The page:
"Fill the Earth" by Matthew Newkirk. A Review
My rating: 5 of 5 stars
Why in the world do Christians and churches support and get involved in missions? There are a handful of answers to that question, mostly revolving around saving humans or hastening the return of Jesus. But a few thinkers have pointed out that there are God-centered reasons for proclaiming the Gospel. Those God-centered motives include drawing peoples of every tribe and tongue into the worship of God; and proclaiming the reign of God over the cosmos. Matthew Newkirk, author, President of Christ Bible Seminary in Nagoya, Japan, and professor of Old Testament, has compiled a well-reasoned dossier on how the entire Bible “provides compelling rationale for the work of missions” (2) in his newly published 348-page softback, “Fill the Earth: The Creation Mandate and the Church’s call to Mission”. In this detailed manuscript the author hammers home the theocentric purpose of missions. As he states early on, “God’s mission in the world is for his kingship to be represented to the ends of the earth…the mission of God’s people is to fill the earth as God’s representatives and thereby demonstrate that his kingship extends over the entire earth” (5-6). The remainder of the book unpacks these assertions by a scrupulous and studious walk through the Bible’s story from the first chapter of Genesis to the end of Revelation.
Newkirk spends quite a bit of time showing how the creation and cultural mandate of Genesis 1:26-28 is deeply significant in God’s story. He demonstrates the manner in which “be fruitful and multiply and fill the earth” weaves in and out of the Hebrew Scriptures on into the New Testament. The author also brings out the ways Adam and Israel failed their mandate and how it was ultimately restored in the last Adam and renewed Israel, Jesus Christ. But between Genesis 1 to the first and final comings of Jesus, there’s more narrative and drama. Therefore, Newkirk skillfully undertakes to tease out God’s mission from Torah keeping to Temple constructing, and from Psalm singing to Wisdom expounding. It is quickly clear that he is a master of Hebrew and the Tanakh. A reader will be happily surprised, delightfully instructed, and thoughtfully motivated as they wade through these eleven chapters.
The author sees God’s original mission as centrifugal, expanding outwardly. But Adam fails and falls and is exiled from his original mission. Next, in the Mosaic covenant, God’s mission becomes centripetal, focused on centralizing around the Temple and the Torah. From this position of covenantal fidelity to Yahweh, the momentum will be attractive, drawing the nations to be amazed at the goodness and grandeur of Yahweh (Deuteronomy 4:5-8). But Israel fails and falls and is exiled from their mission and remains in virtual exile. Then, according to the author, with the coming of Jesus the last Adam and renewed Israel, who succeeds and saves, God’s mission is restored and relaunched in its centrifugal direction – ever expanding and escalating. The message now goes forth from God’s representatives, who demonstrate that his kingship extends over the entire earth: “The time is fulfilled, and the kingdom of God is at hand; repent and believe in the gospel” (Mark 1:15).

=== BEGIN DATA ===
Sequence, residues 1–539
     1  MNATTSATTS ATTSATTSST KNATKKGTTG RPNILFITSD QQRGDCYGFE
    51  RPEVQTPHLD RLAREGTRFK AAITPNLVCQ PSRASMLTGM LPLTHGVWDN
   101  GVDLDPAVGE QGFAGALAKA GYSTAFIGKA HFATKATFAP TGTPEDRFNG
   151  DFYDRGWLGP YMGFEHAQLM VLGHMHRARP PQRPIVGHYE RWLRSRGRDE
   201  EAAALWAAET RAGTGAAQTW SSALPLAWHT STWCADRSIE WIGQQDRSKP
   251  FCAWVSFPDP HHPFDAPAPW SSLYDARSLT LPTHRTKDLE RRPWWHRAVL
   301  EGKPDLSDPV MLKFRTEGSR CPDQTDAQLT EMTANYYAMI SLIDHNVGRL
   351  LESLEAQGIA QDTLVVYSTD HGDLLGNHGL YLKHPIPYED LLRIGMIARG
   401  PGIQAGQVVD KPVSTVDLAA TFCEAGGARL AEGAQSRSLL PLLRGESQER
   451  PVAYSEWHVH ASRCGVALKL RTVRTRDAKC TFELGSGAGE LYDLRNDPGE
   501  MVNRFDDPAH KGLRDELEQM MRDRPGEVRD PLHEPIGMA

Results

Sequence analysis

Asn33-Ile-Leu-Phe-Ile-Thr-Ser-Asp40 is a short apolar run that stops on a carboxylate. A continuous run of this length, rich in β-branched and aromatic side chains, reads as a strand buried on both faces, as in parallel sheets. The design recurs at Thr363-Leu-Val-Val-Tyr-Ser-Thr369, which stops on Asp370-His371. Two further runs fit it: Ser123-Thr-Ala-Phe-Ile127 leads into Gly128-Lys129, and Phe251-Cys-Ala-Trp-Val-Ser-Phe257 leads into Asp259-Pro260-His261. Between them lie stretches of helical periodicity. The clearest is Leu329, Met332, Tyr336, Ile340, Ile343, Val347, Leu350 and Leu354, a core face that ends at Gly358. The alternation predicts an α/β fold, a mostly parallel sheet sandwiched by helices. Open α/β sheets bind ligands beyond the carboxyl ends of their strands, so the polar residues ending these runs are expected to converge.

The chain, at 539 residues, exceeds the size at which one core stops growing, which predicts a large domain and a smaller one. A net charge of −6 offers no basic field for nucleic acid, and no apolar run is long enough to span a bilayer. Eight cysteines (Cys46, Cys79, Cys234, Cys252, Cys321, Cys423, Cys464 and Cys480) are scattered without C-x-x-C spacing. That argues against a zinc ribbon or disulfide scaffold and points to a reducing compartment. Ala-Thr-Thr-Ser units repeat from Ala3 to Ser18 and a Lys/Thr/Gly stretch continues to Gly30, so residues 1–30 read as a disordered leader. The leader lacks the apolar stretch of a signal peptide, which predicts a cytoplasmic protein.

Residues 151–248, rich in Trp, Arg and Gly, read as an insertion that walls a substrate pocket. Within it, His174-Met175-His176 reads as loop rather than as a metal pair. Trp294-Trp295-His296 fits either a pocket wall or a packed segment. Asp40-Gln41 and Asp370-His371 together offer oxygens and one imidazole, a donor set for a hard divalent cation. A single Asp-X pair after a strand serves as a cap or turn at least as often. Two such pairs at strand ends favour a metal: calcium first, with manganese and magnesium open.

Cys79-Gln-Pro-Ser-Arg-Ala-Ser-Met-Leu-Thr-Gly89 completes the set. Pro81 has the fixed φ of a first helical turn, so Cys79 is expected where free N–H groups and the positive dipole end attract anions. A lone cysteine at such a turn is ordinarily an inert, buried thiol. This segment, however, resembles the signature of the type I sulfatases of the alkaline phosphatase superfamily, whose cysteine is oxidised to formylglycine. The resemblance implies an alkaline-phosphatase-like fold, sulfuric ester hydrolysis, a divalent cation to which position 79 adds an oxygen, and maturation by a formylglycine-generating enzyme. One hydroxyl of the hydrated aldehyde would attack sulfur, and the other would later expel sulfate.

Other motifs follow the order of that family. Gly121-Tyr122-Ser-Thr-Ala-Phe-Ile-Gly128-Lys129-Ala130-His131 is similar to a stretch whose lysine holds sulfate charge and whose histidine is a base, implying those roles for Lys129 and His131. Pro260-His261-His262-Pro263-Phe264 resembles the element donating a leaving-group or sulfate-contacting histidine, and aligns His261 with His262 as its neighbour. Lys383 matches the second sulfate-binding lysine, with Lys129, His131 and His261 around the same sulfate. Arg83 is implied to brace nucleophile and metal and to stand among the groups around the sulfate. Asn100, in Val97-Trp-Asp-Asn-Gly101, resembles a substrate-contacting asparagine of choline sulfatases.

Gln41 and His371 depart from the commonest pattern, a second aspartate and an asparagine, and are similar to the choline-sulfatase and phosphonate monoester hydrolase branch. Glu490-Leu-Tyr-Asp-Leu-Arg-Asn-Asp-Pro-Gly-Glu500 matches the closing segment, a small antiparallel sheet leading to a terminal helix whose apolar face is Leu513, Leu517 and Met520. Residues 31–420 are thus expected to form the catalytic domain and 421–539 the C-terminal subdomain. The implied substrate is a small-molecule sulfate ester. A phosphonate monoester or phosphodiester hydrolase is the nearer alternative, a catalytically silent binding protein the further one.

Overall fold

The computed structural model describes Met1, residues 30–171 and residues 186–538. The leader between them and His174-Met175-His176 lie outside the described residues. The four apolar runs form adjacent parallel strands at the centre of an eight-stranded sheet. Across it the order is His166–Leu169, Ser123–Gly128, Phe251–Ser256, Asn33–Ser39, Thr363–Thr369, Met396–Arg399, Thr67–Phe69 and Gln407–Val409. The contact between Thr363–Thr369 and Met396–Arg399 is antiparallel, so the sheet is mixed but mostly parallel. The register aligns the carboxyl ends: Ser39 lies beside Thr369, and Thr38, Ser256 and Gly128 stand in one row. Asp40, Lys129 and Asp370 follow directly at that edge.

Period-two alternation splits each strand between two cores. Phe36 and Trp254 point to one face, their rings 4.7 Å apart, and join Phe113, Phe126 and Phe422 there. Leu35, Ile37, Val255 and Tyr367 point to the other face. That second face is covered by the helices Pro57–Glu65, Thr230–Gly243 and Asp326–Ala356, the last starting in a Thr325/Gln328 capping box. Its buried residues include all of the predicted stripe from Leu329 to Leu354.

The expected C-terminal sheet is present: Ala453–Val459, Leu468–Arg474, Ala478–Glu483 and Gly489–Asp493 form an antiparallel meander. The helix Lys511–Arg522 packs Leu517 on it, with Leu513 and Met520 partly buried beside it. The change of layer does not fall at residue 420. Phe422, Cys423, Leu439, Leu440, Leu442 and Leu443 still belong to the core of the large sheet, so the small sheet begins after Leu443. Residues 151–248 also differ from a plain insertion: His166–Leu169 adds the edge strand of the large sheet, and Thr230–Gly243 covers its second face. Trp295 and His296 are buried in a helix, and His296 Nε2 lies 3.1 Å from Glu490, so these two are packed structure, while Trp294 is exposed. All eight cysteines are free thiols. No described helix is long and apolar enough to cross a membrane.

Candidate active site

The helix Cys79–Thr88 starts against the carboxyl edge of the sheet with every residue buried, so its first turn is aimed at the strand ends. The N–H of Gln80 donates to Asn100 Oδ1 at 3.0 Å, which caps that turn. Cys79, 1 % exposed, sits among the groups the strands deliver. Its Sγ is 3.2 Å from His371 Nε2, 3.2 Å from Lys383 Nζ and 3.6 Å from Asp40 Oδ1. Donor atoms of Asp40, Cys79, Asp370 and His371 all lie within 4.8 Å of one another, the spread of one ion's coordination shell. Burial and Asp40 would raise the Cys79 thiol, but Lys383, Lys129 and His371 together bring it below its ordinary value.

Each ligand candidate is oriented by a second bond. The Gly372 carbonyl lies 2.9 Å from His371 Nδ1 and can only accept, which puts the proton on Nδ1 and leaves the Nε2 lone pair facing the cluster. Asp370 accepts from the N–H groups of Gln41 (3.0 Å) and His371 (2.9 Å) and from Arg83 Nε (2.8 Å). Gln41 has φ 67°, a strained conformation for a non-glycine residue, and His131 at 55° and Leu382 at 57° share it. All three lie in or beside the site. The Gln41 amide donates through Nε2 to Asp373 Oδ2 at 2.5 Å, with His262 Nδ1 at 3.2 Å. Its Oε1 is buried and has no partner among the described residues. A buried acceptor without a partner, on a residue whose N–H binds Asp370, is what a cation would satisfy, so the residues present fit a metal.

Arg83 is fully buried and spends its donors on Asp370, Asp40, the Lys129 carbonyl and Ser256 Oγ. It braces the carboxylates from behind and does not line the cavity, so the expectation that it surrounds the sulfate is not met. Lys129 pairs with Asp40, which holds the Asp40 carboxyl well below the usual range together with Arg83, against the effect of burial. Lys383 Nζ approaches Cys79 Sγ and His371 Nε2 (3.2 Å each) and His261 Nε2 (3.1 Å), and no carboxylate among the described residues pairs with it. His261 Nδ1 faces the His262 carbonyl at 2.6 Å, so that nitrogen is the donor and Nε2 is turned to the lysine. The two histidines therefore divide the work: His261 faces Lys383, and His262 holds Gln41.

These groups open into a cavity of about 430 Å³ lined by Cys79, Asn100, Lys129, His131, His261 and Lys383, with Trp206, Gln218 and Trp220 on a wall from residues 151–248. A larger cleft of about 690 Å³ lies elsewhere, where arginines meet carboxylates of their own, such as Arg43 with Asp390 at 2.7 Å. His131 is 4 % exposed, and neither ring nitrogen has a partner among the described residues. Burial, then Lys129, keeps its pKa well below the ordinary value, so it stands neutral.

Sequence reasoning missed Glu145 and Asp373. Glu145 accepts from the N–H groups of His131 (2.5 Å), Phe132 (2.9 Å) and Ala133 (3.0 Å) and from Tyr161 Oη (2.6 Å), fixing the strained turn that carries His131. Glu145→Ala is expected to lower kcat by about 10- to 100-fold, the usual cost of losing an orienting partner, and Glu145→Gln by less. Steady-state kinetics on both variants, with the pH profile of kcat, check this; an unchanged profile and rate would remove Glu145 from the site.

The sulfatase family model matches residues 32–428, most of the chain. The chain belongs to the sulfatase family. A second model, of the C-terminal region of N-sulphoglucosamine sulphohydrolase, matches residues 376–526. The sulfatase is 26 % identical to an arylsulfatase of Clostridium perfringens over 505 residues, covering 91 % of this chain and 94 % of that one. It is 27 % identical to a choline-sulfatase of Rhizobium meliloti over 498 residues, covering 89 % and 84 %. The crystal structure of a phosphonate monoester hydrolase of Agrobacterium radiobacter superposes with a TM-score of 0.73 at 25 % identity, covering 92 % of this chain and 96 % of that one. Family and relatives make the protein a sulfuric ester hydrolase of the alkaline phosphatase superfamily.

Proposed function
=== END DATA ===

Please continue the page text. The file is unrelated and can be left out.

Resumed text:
Though this outward-inward-outward motion in the unfolding of Scripture’s story is fairly obvious, I think there might well be something a bit different going on in the New Testament. I agree with Newkirk that Jesus’ first coming (re)launches the centrifugal direction of God’s mission: Pentecost and Paul make that certain. Yet the coming of Christ not only restores but transforms the mission of God. Not only is there an ever-present centrifugal movement, but there is simultaneously an equally centripetal direction. Almost every letter of the New Testament is written to congregations, to local sacred societies. They are never called upon to go out and expand the borders of God’s kingship. Rather, they are repetitively tasked with being attractive in their interpersonal relationships, godliness, flourishing in the fruit of the Spirit, and so forth. One of the results of this stay-in-place-attractiveness is that they can then support real missionaries out there, such as the church at Philippi did (Philippians 4:10-13). This durable and delightful book would have been made even stronger if the author had drawn out this two-fold movement in God’s mission, and how the tension is always healthy.
Nevertheless, Newkirk’s media parte in the book comes forth brilliantly when he states that mission “existed for the sake of God’s kingly glory before there was any need for human salvation. By viewing mission this way, we see that the work of missions is first and foremost an extension of a creation ordinance, rather than a redemptive ordinance. That is, missions is fundamentally a proactive endeavor aimed at representing God’s kingship to the ends of the earth rather than a reactive response to the presence of sin in the world” (270). I think the author has hit the mother lode that puts the Bible’s storyline together handsomely, and gives muscle and mass to why we do what we do in missions, evangelism, and church!
“Fill the Earth” is the book! If you’re serious about missions, then this volume is the place for you to camp out for sober reflection. Pastors, Evangelists, Chaplains, Missions Committee Chairpersons, seminarians, seminary Professors and Denominational moguls must take up this book and delve into its meaty depths. I highly and happily recommend this work.
My thanks to the author who alerted me to this book, and to Wipf & Stock for sending me the review copy I requested. I received no pay, nor any dictates on what to say. This evaluation is all mine, freely made and freely given.
Purchase the book here: Fill the Earth
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